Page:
In FY 2006, the BLS will continue its ongoing plan to update and expand the sample of establishments that is used to produce the ECI, the local area pay data, and the Employee Benefits Survey. The BLS will publish the ECI and Locality Pay Surveys using the NAICS. The BLS also will publish the results of the 2004 Survey of Occupational Injuries and Illnesses and the results of the 2005 Census of Fatal Occupational Injuries. The BLS request includes $81.5 million and 549 FTE for the Compensation and Working Conditions program, an increase of $2.6 million over FY 2005.

Productivity and Technology

The Productivity and Technology program measures productivity trends for major sectors of the economy and individual industries, and analyzes trends in order to examine the factors underlying changes in productivity. The program also develops international comparisons of productivity, hourly compensation, unit labor costs, and employment and unemployment.

In FY 2006, the BLS will publish new measures of labor productivity and unit labor costs for at least one additional service-producing industry. The BLS request includes $10.8 million and 81 FTE for the Productivity and Technology program, an increase of $0.3 million over FY 2005.

Executive Direction and Staff Services

The Executive Direction program provides agency-wide policy and management direction, including all centralized support services in the administrative, publications, information technology, and statistical methods research areas. The BLS request includes $30.5 million and 213 FTE for the Executive Direction program, an increase of $0.9 million over FY 2005.

Selected BLS Performance Goals and Indicators

  • Improve information available to decision-makers on labor market conditions, and price and productivity changes.
  • Improve coverage by increasing the percentage of domestic services output included in the Producer Price Index to 76.0 percent.
  • Issue 100 percent of scheduled releases on time.


Office of Disability Employment Policy

Budget Authority
(Dollars in Millions)

 

FY 2005

FY 2006

Change

Office of Disablility Employment Policy

$47.1

$27.9

-$19.2

Total, ODEP Budget Authority

$47.1

$27.9

-$19.2

 

 
 
 

Full Time Equivalents

59

59

-

 


The 2006 Budget request provides the Office of Disability Employment Policy (ODEP) a total of $27.9 million and 59 FTE in FY 2006, a decrease of $19.2 million from FY 2005. The 2006 Budget proposes to return the ODEP closer to its core mission of policy analysis, technical assistance, and dissemination of effective practices to increase the employment opportunities for people with disabilities within the Department of Labor's programs. In 2006, ODEP will focus its efforts on the Research and Development (R&D) program to address barriers that disabled workers face through the integration of proven solutions into the Workforce Development System. ODEP's mission is to provide national leadership on disability employment policy within the Department of Labor (DOL) and support the disability related efforts of other Federal agencies. Additionally, ODEP supports and helps implement the employment-related goals of the President's New Freedom Initiative. Efforts focus on achieving a lasting systemic impact on the employment process through applied research and the development and dissemination of disability employment policies and practice. Stakeholders include Federal, state, and local government agencies, private and public employers and their employees, educational and training institutions, individuals with disabilities and their families, and the disability community.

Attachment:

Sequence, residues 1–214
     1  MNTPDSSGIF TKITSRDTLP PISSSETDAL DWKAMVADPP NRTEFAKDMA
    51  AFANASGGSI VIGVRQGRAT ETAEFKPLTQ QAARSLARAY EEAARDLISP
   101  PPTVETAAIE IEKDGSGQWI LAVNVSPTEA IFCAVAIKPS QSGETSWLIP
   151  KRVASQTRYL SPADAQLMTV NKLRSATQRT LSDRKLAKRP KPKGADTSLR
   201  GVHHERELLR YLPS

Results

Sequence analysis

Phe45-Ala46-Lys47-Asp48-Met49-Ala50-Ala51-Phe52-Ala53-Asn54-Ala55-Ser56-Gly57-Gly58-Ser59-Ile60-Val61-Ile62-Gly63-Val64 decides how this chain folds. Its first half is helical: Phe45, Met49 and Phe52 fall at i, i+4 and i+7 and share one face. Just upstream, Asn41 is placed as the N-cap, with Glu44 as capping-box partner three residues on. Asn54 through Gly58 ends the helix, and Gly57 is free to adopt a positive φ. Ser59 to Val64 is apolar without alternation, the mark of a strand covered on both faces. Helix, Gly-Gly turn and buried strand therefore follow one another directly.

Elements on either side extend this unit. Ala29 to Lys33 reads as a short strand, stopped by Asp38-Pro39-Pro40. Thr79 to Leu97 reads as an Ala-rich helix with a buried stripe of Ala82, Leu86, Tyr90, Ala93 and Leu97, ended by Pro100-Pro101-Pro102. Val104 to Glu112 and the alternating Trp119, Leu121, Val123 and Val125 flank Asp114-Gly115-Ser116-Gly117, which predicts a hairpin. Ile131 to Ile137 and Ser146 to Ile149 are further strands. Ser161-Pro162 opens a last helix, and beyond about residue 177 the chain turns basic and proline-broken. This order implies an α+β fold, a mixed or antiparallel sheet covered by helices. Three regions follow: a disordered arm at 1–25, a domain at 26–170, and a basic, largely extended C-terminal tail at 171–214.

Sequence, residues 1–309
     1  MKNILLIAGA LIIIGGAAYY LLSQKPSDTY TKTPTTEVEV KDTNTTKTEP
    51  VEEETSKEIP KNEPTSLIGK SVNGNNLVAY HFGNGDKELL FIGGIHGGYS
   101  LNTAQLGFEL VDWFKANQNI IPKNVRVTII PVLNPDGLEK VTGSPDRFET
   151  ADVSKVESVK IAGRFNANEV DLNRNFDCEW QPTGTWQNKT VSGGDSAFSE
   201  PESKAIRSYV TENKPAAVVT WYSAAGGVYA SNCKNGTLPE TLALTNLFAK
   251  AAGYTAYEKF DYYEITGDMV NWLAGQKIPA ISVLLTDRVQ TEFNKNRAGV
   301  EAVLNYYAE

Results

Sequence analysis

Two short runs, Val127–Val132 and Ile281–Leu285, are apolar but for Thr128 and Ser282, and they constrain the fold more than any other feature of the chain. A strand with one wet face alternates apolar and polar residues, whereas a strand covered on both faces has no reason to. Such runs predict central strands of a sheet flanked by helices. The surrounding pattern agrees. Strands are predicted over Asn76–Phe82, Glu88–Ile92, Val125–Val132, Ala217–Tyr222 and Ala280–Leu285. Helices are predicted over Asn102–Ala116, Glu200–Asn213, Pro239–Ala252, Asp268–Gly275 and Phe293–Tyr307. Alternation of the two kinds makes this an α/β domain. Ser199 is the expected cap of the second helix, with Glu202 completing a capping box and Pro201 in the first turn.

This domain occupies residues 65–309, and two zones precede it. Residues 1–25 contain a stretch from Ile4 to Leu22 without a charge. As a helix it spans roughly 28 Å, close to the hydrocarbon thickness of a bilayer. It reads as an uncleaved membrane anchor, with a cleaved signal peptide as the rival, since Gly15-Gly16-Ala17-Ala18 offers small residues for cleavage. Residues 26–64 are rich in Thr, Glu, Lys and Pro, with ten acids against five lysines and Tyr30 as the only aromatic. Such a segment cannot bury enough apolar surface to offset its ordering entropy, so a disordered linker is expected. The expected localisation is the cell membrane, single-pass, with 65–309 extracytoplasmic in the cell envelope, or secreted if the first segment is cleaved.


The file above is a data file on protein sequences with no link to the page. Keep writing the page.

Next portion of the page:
In FY 2006, ODEP will continue to focus on developing and influencing policy and practices that meet the needs of employers in hiring, retaining, and promoting individuals with disabilities, ultimately helping them become more competitive and successful participants of the workforce.

With the requested FY 2006 budget authority, ODEP will refocus its research emphasis from a reliance on using externally-funded public and private organizations, to a stronger internal emphasis on policy development and analysis. ODEP will continue supporting applied research and disability employment policies and practices that will most effectively reach people with disabilities. ODEP will also continue to work with the Bureau of Labor Statistics (BLS) on measuring the employment rate of people with disabilities.

This budget request supports the Department's strategic goal of A Prepared Workforce to promote enhanced opportunities for America's workforce and Quality Workplaces that foster workplaces that are safe, healthy and fair.

Selected ODEP Performance Goals and Indicators

  • Disseminate and influence disability employment policy and practice throughout workforce development systems and partners.
  • Increase the number of service delivery systems and partners assisted through ODEP research.
  • Increase the number of evidence-based effective practices identified through ODEP research.

 


Departmental Management

Budget Authority/Trust Fund Transfers
(Dollars in Millions)

 

FY 2005

FY 2006

Change

Program Direction and Support

$26.6

$29.5

$2.9

Legal Services

87.4

89.7

2.3

International Labor Affairs

93.2

12.4

-80.8

Administration and Management

32.6

33.2

0.6

Adjudication